So you want to be a trusted market leader

Below are 10 recommendations, not all inclusive and in no particular order, I have for technology developers to build trust into the Internet of Things:

1.

Show that the technology works for the customer, not the other way around. Explain and show the human-centric approach you’ve taken to developing a solution to humanity’s problems.

2.

Develop and maintain an understanding of what trust factors matter most to your customers; this should be done during customer discovery not just with early adopters but also evaluated and adjusted continuously with at-scale user sentiment.

3.

Be transparent about data collection, usage and sharing, and communicate your data management policy in plain language that is clear, concise and consistent.

4.

Don’t limit the testing and validation of technology to isolated and highly controlled environments; explore the reality that your product is but one of many interconnected things that must be integrated and interoperable in both relevant and real operating conditions.

5.

If you trust your supply chain, communicate that confidence to your users; convince them your suppliers are aligned to your values and subsequently to customer values. Blockchain as one example could be suitable to providing immutable traceability.

6.

Give your customers an easy-to-use tool to help evaluate the trustworthiness that your company deserves. Examples include honest competitor comparisons and user ratings.

7.

Be accountable. If/when a cyberattack, service outage, or some other vulnerability is exposed in your technology, quickly act to address it with your customers and other stakeholders.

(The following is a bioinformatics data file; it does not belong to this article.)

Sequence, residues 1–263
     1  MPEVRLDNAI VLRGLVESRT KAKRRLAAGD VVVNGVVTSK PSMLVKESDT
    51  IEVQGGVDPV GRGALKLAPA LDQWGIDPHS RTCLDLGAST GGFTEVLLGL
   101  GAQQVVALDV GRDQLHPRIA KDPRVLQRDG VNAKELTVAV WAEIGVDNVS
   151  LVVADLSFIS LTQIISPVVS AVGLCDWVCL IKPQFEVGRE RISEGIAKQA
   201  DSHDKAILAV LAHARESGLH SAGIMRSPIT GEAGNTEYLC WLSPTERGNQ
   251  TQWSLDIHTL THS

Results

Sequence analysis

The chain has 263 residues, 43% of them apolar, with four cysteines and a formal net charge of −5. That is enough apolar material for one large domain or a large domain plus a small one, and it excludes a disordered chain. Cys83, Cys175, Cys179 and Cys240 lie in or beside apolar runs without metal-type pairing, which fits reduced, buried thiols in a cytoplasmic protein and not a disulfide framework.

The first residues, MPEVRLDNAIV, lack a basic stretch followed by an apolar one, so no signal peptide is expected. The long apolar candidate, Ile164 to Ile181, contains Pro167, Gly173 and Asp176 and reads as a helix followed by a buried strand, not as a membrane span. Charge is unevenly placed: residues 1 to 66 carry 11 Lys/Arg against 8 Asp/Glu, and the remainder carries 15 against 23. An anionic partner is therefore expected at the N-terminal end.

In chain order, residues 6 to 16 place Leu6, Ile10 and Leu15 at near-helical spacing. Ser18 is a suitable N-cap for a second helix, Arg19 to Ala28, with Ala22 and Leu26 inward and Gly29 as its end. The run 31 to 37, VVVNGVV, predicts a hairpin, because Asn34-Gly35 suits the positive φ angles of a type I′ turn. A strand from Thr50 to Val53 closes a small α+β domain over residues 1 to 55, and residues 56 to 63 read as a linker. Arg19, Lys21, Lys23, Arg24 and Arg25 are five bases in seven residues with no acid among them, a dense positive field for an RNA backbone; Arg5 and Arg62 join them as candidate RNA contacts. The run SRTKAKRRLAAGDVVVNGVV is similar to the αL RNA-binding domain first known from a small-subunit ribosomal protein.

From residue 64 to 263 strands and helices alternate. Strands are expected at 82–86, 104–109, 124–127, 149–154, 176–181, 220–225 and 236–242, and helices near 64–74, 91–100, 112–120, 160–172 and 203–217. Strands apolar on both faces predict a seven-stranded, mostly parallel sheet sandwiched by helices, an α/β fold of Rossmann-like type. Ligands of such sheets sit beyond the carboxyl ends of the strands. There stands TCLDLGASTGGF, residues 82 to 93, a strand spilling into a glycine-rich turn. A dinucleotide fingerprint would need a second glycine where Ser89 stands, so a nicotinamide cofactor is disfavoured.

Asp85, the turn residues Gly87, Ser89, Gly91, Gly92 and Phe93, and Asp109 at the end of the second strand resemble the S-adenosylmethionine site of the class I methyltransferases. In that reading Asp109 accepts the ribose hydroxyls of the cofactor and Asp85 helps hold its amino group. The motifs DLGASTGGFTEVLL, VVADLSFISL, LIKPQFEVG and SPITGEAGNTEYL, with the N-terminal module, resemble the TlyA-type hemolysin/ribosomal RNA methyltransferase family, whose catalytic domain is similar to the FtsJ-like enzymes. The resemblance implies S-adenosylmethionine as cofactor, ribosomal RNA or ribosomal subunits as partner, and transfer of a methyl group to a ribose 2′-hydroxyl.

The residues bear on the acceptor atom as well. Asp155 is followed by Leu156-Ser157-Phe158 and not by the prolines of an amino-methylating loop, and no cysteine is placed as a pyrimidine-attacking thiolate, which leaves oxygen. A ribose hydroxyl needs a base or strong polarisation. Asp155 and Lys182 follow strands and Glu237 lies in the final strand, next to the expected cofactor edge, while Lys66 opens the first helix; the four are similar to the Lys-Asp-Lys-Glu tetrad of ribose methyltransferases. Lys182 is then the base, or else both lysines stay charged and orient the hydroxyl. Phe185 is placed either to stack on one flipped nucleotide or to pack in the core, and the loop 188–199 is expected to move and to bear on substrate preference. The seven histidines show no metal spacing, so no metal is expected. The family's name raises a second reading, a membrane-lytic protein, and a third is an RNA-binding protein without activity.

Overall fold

8.

Engage your users throughout the lifecycle of your technology products and services; give them an easy way to make their voice heard and provide personalized feedback with incentives to stay engaged. Show them they are part of a like-minded community where others share their interest in your technology. Form a relationship that can grow and be cultivated over time.

9.

If your technology incorporates automation, explain upfront how decisions and actions are made with/without the user and what they can do to influence/personalize the experience.

10.

Don’t build a wall between your employees and users; show that behind the corporate firewall, you have real people with real values helping to build these solutions that meet human-centric needs.

NextEnergy works with innovators to build trust into the fabric of our cities and communities to make them smarter, cleaner and more accessible. Whether you’re a technology developer or a community interested in adopting newer technologies for a better way of life, I encourage you to explore the mission-driven work we do on our website at nextenergy.org and to reach out to me directly at waynes@nextenergy.org.